Infection with human cytomegalovirus in the presence of the antiviral nucleotide analog ganciclovir results in continuing low-level viral DNA synthesis and the accumulation of relatively small fragments of double-stranded progeny DNA. These fragments consistently proved to represent amplification of sequences from only one small section of the viral genome (EcoRI-V) lying near the center of the unique L segment. Further mapping revealed that the viral sequences represented in these fragments occurred in gradients of abundance that decreased in both directions from a point near .35 to 0.4 map unit. The proportion of amplified sequences increased with both time after infection and dosage of ganciclovir used. We conclude that the primary lytic cycle replication origin of human cytomegalovirus lies within a 3- to 4-kb region immediately upstream and to the right of the promoter for the single-stranded DNA-binding protein (DB140). The amplified origin-containing DNA molecules appeared to arise by continuing rounds of bidirectional initiation on truncated fragments of the genome that were generated as a result of chain termination effects induced by the incorporation of ganciclovir into the viral DNA. Inspection of the DNA sequence in the vicinity of ori-Lyt revealed a large complex upstream region that may be a noncoding intergenic domain and that bears no homology to any previously described herpesvirus origin. This 2.5-kb region includes many duplicated and inverted sequences, together with consensus CRE/ATF and other transcription factor-binding sites, and an interesting set of 23 copies of an interspersed decamer consensus element AAAACACCGT that is also conserved at the equivalent locus in simian cytomegalovirus. This work represents the first identification of an origin domain in a cytomegalovirus genome and is the first demonstration of a bidirectional mechanisms for any herpesvirus lytic cycle origin.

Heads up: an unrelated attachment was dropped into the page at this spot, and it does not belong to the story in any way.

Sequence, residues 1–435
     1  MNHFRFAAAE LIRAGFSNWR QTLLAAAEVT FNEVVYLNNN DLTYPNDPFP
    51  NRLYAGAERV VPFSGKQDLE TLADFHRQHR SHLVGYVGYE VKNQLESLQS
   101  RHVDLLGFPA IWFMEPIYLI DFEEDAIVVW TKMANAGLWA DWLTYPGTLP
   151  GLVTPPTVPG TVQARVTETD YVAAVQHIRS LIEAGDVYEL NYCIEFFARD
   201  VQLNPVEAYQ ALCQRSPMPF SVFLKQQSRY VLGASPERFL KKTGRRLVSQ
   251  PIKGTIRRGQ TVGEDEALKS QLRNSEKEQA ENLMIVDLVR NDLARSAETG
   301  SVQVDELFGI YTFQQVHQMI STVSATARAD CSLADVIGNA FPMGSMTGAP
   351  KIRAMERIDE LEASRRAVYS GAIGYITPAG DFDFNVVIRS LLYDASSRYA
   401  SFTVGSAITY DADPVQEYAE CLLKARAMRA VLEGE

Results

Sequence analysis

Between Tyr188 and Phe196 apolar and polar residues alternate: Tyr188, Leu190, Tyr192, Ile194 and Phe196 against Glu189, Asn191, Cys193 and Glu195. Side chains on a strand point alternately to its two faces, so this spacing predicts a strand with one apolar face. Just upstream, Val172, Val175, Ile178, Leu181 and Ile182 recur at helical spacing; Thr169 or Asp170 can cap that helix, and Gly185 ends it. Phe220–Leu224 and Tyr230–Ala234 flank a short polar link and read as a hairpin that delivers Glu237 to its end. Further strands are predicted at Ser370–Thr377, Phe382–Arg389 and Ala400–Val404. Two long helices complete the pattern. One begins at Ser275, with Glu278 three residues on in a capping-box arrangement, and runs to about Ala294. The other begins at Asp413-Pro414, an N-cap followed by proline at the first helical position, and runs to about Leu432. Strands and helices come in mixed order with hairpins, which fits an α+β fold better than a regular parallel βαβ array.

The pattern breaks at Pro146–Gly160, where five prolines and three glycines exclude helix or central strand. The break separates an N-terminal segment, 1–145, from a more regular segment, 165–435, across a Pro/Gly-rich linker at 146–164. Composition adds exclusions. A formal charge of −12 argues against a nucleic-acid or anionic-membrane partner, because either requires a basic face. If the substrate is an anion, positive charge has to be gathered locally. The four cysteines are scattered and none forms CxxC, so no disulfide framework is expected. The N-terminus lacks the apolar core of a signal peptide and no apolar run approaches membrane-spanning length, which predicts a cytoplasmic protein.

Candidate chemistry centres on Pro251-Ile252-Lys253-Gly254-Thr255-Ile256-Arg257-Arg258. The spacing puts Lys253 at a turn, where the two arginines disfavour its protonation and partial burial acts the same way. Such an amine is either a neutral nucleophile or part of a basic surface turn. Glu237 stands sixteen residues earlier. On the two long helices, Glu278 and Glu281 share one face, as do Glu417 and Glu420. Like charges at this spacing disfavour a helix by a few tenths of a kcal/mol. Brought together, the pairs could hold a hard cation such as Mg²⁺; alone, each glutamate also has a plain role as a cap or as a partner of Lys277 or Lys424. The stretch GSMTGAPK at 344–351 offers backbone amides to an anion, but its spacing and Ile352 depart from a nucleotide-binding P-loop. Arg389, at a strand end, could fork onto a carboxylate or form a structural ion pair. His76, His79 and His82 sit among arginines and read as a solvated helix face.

ASJC Scopus subject areas
- Insect Science